What's the difference between practice, drilling, and memorization?
In the psychological literature Practice has a formal definition, which I know through Anders Ericsson; I think it originates with him but am not certain. Practice includes feedback on performance, and it's executed for the purpose of improvement. The distinction is important because it differentiates practice from performance (which is done for the pleasure of others) or play (which is done for one's own pleasure) or the routine execution of a task (which is done to achieve a goal).
Thus, if I practice guitar I'm trying to improve, and I'm monitoring my performance for the sake of noting errors and thinking of new ways to do it. Performance and play of the guitar differ in obvious ways. Routine execution might apply to a task like handwriting. My handwriting is pretty bad, despite thousands of hours of execution, because during all of that time I wasn't practicing. I was just writing to get something on paper.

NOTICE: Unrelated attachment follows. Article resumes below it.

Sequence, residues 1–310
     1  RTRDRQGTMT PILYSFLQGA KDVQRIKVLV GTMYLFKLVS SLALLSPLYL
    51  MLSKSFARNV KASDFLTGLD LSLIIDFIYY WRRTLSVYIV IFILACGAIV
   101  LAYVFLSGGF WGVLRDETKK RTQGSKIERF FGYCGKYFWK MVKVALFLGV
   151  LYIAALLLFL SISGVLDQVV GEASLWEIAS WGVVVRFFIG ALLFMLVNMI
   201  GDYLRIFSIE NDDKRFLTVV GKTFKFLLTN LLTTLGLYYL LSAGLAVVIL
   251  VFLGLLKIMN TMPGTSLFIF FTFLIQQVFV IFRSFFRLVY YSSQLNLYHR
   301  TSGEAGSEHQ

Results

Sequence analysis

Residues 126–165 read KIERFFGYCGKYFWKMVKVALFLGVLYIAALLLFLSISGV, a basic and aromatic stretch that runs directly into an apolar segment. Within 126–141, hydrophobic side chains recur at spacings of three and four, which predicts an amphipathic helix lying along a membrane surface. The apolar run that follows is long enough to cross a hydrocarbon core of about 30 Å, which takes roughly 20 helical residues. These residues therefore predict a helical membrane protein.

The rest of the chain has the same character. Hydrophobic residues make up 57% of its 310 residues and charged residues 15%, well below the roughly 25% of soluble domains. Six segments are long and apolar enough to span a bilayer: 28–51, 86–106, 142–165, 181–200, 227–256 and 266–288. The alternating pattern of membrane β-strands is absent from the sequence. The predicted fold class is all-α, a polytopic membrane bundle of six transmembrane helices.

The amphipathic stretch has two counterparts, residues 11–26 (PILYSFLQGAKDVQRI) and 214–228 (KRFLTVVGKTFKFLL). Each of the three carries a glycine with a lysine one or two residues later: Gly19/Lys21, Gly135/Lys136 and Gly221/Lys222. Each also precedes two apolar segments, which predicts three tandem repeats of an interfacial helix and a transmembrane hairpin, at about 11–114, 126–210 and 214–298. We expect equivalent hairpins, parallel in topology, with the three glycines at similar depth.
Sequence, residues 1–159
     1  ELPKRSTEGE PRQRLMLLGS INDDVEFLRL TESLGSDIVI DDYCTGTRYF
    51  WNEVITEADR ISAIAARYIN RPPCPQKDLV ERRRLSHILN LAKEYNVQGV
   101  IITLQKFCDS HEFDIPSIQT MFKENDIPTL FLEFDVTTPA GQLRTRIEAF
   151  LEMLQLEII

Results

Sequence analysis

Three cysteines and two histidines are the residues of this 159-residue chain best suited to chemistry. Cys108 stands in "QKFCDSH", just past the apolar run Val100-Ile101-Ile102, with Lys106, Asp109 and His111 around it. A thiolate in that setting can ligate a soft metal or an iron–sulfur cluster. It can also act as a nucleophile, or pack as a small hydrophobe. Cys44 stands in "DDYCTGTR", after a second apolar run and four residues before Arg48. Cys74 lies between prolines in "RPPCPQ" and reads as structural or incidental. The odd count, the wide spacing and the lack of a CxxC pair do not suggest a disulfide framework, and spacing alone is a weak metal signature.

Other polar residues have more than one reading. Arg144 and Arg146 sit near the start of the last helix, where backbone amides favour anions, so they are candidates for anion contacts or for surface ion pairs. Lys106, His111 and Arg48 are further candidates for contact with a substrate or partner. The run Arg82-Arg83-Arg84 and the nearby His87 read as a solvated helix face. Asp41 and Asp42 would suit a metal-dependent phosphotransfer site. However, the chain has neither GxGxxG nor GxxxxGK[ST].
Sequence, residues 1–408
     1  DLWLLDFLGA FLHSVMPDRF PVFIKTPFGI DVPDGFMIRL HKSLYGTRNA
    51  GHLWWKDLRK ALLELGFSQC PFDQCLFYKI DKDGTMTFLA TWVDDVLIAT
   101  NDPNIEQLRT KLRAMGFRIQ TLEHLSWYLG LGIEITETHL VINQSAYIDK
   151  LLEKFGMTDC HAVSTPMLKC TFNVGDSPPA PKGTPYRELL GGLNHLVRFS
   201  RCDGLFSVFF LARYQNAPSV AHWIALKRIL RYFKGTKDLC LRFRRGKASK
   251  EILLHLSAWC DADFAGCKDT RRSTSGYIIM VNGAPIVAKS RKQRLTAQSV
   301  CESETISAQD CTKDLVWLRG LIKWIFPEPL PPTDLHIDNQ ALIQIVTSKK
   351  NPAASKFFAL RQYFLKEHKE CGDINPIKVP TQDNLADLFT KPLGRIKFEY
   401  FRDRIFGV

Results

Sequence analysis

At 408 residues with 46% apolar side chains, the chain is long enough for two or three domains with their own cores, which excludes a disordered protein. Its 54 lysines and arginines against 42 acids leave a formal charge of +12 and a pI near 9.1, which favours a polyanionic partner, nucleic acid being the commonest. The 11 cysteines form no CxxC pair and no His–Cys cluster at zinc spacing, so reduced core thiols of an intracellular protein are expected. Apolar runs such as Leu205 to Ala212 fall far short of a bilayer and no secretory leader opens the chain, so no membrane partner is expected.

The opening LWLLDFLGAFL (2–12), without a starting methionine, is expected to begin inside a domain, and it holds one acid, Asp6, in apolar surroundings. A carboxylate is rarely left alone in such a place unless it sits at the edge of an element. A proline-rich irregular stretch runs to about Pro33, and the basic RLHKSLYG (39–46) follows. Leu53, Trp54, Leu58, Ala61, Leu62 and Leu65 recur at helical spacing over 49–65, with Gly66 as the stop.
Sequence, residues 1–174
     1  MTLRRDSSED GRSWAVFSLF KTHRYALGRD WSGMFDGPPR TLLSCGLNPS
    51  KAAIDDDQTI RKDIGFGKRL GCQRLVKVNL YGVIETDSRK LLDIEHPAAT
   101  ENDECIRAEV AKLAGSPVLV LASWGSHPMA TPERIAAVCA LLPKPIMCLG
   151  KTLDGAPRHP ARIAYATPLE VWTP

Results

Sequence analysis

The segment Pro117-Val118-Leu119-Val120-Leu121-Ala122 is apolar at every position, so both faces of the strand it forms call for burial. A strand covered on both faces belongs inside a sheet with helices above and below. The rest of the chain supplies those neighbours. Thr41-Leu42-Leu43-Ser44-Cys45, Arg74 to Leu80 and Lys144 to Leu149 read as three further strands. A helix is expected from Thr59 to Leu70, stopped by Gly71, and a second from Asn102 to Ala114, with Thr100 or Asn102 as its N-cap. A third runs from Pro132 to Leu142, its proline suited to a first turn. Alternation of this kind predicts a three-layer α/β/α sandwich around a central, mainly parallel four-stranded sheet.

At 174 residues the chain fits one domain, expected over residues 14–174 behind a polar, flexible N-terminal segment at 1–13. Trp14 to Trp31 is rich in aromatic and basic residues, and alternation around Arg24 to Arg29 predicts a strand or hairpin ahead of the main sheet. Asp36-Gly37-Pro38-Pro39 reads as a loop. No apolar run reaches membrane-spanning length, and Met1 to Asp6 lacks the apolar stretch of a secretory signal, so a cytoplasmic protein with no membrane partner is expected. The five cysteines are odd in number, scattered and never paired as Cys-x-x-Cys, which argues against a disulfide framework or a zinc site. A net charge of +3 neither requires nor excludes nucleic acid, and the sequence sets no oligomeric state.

Drilling and memorization don't, so far as I know, have definitions that have been carefully thought through to draw important distinctions.
To me, "drilling" connotes repetition for the purpose of automaticity, using the technique of thoughtless repetition.
"Memorization" connotes the goal of something ending up in long-term memory with ready access. . . but the word does not imply anything about the technique one uses to achieve that goal.
Thus, students are unlikely to practice the multiplication table, but they would practice the violin, or writing an evocative description of a scene.
Students might drill in an effort to learn the multiplication table, but I hope they would not. As I've defined it, it's hard to think many school-related tasks that would be well-served by drill. Perhaps a very basic motor skill, like a particular run when playing the guitar? Again, this would be repetition without thought.
Much more common would be memorization: activities undertaken in the desire to commit something to memory so that it is readily accessed. This would include deep processing (i.e., thinking about meaning), generating cues for oneself, etc. A student who wants to memorize a poem, for example, could try to do so by drill, but it's a terrible way to learn something. Much better to think about the meaning of whatever it is you're trying to remember, and tie it to things you already know.
Again, let me repeat that practice does have an accepted definition, but I've made up my own for drill and memorization.